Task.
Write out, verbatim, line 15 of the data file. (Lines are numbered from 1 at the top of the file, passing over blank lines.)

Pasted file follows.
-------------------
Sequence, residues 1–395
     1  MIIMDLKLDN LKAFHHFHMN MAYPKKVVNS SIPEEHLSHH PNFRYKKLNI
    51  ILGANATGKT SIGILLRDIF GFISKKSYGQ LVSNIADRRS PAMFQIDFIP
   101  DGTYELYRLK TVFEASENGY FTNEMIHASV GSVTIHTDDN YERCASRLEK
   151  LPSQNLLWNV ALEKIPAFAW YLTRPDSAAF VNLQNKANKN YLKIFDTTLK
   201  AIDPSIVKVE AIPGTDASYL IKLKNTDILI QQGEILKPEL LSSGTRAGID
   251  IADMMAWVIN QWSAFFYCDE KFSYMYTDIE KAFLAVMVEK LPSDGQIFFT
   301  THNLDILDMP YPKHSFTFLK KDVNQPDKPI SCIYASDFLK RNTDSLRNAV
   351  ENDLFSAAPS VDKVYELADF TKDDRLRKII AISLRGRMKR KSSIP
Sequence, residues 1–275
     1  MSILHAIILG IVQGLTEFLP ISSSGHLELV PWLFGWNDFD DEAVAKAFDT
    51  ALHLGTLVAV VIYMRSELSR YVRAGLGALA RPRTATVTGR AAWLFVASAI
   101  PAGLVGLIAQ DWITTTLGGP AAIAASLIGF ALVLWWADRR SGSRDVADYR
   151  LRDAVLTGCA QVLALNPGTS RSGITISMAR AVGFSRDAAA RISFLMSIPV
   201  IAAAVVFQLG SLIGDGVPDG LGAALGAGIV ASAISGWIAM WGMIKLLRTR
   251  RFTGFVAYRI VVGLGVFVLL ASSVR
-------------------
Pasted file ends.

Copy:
   201  IAAAVVFQLG SLIGDGVPDG LGAALGAGIV ASAISGWIAM WGMIKLLRTR